Eric Clapton And The Legacy Of A Devil’s Deal

Music often serves as the way we process our emotions. We turn our favorite song up to cheer us a little bit and dance around — or play that one song we relate to the most when feeling sad. In artists’ case, things aren’t that much different. Many musicians sit down and write songs after their own experiences, whether it’s grief, joy, or romance. Looking through Eric Clapton’s career, we can clearly see that he belongs to this group.

Clapton has had a successful music career, but he had a run of unfortunate events in his personal life. First of all, he grew up believing his grandmother and father were his parents. Years later, Eric wrote ‘My Father’s Eyes’ for his long-lost father before finally finding out who he was in 2007. He fell in love with his best friend George Harrison’s wife, Pattie Boyd, and wrote ‘Layla’ to express his hopeless love for her. In the end, Clapton won Boyd’s heart, but they didn’t live happily ever after.

After ending his marriage with Pattie Boyd, Eric Clapton married Lory Del Santo, who was pregnant then. Soon after, the couple welcomed their son, Conor. However, their happiness didn’t last long. In 1990, Clapton was shaken by Stevie Ray Vaughan’s tragic death in a plane crash. A year later, four-year-old Conor fell out of his bedroom window from the 53rd window. This incident left Eric Clapton with a scar that has never healed, so he wrote ‘Tears In Heaven’ to cope with Conor’s loss.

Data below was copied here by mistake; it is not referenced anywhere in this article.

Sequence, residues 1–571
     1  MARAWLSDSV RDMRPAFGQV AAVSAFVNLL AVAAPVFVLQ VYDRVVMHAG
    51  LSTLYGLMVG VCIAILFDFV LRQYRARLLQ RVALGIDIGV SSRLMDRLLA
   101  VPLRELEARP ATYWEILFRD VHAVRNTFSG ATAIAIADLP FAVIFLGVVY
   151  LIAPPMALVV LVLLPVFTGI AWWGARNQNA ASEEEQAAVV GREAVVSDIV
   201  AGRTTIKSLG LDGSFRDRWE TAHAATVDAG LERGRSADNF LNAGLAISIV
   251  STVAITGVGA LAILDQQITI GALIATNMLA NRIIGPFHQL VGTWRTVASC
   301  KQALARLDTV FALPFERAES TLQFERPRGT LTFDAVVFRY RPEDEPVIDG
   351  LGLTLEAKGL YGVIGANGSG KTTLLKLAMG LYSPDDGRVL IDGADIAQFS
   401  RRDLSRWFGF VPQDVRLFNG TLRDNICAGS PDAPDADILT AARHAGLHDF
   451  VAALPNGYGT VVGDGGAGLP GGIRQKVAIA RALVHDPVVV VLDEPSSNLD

Looking through the stream of events, it appears as if a curse followed Eric Clapton through all those years. For some rumors, this might be true. The story begins with a myth about Robert Johnson, a blues icon that Clapton saw as his idol. Legend has it that Robert made a deal with the devil to rise to fame and become a talented artist in a short time. Sadly, he didn’t enjoy this success for a long time, as the musician died at the age of 27, joining the 27 Club.

Eric Clapton admired Robert Johnson’s work since his early career. Back when he was playing with Cream, he covered Johnson’s ‘Crossroads,’ a song rumored to have a curse for the artists who covered it. For instance, some fans blame Lynyrd Skynyrd’s ill fate and the Allman Brothers’ death curse on this song. As the rumor goes, Robert’s ‘Crossroads’ refers to the location where he made a deal with the devil.

In the following years, Clapton continued to cover ‘Crossroads’ on various occasions. To pay tribute to his musical hero, he even recorded a solo album titled ‘Me And Mr. Johnson.’ In the album, he sang covers of his favorite Robert Johnson songs, which he didn’t believe were covered successfully. According to Clapton, Johnson’s works were a labor of love and so much more powerful than any song he listened to.

Here is what Eric Clapton told NPR’s Bob Edwards in 2004 about Robert Johnson’s music:

“I was definitely overwhelmed, but I was also a bit repelled by the intensity of it. I got hooked on it because it was so much more powerful than anything else I had heard or was listening to. Amongst all of his peers, I felt he was the one that was talking from his soul without really compromising for anybody. In one way or another, he’s been in my life since I was a kid. [This project] has been in the back of my head to do for so long. It was about time that I took my hat off to him.”

So, Robert Johnson was Eric Clapton’s single most important influence, and he saw the blues legend as his idol. Keeping in mind the rumors that Johnson had sold his soul to the devil for success, many believe Clapton also suffered many tragedies in his life as his disciple. However, of course, these are only theories that can’t be fact-checked.